Implicit the Google CEO’s vision is that the future will run better on Google, and he will marshal all his forces to try to make that a reality. [Read more]
Tag Archives: Field
AT&T is finally set to launch its Digital Life home automation service, and it’s ready to do so in a big way. Initially planned for just eight markets, the telephony giant has expanded its coverage to 15 starting this spring, with the hope of 50 by the end of the year. Essentially a way to monitor your home, Digital Life packages may include live video, the ability to remotely toggle the light on and off, change the thermostat, unlock the door and more. Customers are able to set up programs and alerts via smartphone or tablet applications or the web. AT&T should bring some heavy clout to the home automation party, though it won’t be the first big-name communications company to do so. For more information on Digital Life and what it offers, have a peek at the source below.
A panel of experts is publishing a first-of-its-kind rulebook on cyberwarfare, a manual aimed at applying the venerable practice of international law to the emerging field of military hacking.
Android users have had access to Google’s Field Trip for several months now, but the location-discovery app is just making its way to iOS now. The service runs in the background on your smartphone, alerting you when you’re near a historic spot or Zagat-recommended restaurant, for instance. In addition to helping you discover new POIs, the app can act as a tour guide with audio read-outs about nearby places, and you have the option of posting newfound locales to Google+, Facebook and Twitter. Click through to the source link to give the free download a whirl on your iPhone or iPod.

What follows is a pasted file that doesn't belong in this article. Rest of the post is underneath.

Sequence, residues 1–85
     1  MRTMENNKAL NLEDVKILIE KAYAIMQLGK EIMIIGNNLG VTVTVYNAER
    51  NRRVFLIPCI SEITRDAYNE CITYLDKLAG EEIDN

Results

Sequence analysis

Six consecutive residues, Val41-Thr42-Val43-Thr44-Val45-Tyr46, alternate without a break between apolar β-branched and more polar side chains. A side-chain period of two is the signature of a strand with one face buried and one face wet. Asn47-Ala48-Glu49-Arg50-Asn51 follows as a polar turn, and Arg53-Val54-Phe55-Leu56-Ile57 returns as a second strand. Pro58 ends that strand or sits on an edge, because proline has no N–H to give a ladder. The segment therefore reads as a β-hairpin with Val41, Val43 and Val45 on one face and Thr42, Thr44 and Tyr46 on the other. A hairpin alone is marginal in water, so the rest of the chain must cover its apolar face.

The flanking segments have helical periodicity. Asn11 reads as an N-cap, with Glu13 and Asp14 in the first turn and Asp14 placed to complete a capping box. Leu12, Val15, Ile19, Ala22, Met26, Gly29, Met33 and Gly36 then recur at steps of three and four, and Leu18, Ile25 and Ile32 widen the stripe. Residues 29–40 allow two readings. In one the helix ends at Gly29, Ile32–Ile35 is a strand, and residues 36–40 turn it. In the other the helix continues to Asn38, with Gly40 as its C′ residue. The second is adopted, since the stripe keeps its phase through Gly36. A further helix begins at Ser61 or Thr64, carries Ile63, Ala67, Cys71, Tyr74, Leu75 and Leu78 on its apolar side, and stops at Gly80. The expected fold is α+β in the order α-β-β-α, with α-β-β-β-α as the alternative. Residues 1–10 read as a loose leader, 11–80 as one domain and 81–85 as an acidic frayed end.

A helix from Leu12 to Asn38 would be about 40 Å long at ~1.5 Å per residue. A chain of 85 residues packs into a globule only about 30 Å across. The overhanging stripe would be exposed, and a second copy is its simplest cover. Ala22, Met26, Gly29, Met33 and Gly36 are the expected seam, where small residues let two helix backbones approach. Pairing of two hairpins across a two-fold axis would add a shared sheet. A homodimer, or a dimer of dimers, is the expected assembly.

Aktana has raised $ 5 million in angel funding for its suggestion-engine technology designed for sales people in the field.
Aktana provides data insights into sales activity that learns from interactions with a decision-based engine on the frontend and a backend that uses machine learning to determine better go-to market strategies. In all, it is meant as a virtual assistant for a sales rep.
Aktana started off as a project for NASA to optimize scarce resources, such as wind tunnels and computer resources, said Co-Founder Jack O’Holleran. The company changed direction when they realized there was a better application in a top line driven area.
Toronto-based SaaS Enterprise Safety Company Field ID Acquired By Security Hardware Maker Master Lock
Master Lock has acquired Toronto-based software-as-a-service enterprise security solution provider Field ID in a deal the terms of which weren’t disclosed. We’ve heard the deal involving the five year-old startup was in the tens of millions, however, and that the company’s angel investors were very pleased with the arrangement. The purchase nets Master Lock an entry into the software market, something it’s been looking for according to Field ID CEO Somen Mondal.